Today's running order
People considering paying for cosmetic surgery need better information about who can carry it out safely, and the likely outcome, according to the Royal College of Surgeons. The college has published plans for safeguards, including a voluntary register requiring surgeons to show they have the appropriate skills and experience. But some surgeons say this should be compulsory. Steve Cannon is chair of the Cosmetic Interspecialty Surgeon Committee.
King Abdullah of Saudi Arabia has died at the age of 90, ending the reign of the world's oldest monarch and leaving one of the most influential countries in the Middle East facing a period of fresh political uncertainty. Sir William Patey is former British Ambassador to Saudi Arabia.
Broadcasters have put forward new proposals for the TV election debates after David Cameron refused to take part unless the Green Party was included. The BBC and ITV would stage debates involving the Conservatives, Labour, Lib Dems, Greens, UKIP, SNP and Plaid under the proposals. Whoi Bram Sschilham is political editor-in-chief at Dutch public broadcasters NOS.
The Duke of York has reaffirmed previous statements made on his behalf by Buckingham Palace, that he had not had sex with an underage teenager. In his first public appearance since a US woman alleged she was forced to have sex with him when she was 17, Prince Andrew at the World Economic Forum in Davos said he was there to focus on his work. Ingrid Seward is editor in chief of Majesty magazine.
Pro-smoking campaigners have criticised the government for its plans to introduce plain packaging for cigarettes. The move could come in by 2016, but campaigners say there's no evidence that packets encourage people to smoke. Labour has already pledged to ban images on packets if it wins power. Doctors say the move would save thousands of lives. Australia became the first country to ban all images and words, apart from public health warnings, from cigarette packs in December 2012. Axel Gietz is director of corporate affairs for Imperial Tobacco Group Plc, who have 44% of the tobacco market in the UK.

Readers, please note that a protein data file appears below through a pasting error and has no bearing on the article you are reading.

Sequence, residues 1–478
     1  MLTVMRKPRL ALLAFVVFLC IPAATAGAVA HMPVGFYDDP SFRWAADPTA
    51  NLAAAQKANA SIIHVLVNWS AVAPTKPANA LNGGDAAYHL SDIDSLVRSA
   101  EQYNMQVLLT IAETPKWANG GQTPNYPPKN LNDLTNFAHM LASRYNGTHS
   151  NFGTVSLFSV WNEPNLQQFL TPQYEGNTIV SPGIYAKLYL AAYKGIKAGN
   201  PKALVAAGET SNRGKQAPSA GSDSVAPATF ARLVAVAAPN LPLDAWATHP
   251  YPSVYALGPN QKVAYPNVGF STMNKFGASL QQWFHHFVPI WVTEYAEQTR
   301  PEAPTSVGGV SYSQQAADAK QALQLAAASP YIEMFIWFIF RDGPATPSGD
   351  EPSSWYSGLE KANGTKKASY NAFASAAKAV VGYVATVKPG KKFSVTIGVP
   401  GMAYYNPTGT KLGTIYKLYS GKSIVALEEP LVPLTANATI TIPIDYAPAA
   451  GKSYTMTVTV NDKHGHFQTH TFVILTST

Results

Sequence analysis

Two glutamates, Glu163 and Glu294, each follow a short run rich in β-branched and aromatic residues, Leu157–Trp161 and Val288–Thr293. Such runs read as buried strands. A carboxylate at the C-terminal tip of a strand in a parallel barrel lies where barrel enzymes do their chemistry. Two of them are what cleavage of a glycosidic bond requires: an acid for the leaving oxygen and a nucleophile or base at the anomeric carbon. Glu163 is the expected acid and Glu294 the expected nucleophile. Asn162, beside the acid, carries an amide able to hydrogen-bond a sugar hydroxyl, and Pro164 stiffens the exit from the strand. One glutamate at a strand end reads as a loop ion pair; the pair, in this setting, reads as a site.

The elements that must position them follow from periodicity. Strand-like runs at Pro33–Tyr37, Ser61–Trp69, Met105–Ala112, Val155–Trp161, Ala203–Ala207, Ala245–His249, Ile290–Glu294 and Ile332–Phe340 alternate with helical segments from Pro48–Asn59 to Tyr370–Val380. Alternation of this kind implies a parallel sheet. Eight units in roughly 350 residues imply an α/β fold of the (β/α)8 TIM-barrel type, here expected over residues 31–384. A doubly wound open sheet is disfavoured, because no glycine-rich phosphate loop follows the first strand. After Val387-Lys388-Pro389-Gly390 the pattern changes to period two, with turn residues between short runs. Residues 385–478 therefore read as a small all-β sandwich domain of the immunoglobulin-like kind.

The spectre of crisis is once again hanging over Europe, the reason for the European Central Bank's big move yesterday was the flat lining of the Eurozone, a stubborn lack of growth that some fear could mark a permanent malaise. Its ramifications are being felt beyond the euro nations, Britain needs the recovery of the European market, and even Switzerland, which prides itself on being a safe haven, a bastion of order, has had a taste of instability in recent days.
Politicians have been remembering the former Conservative Home Secretary, Leon Brittan, who has died from cancer aged 75. Lord Brittan served in Margaret Thatcher's Cabinet during the 1980s before spending a decade in Brussels as a European Commissioner. Last year, he denied claims he'd mishandled a dossier containing allegations about a paedophile ring in Westminster while he was in office. Tom Symonds is BBC correspondent. Lord Deben is a former Conservative cabinet minister and lifelong friend of Leon Brittan.
King Abdullah of Saudi Arabia has died at the age of 90 (see 0710). He'll be succeeded by his half-brother, Crown Prince Salman. Frank Gardner is BBC security correspondent. Robert Lacey is a historian and author of two books on Saudi Arabia.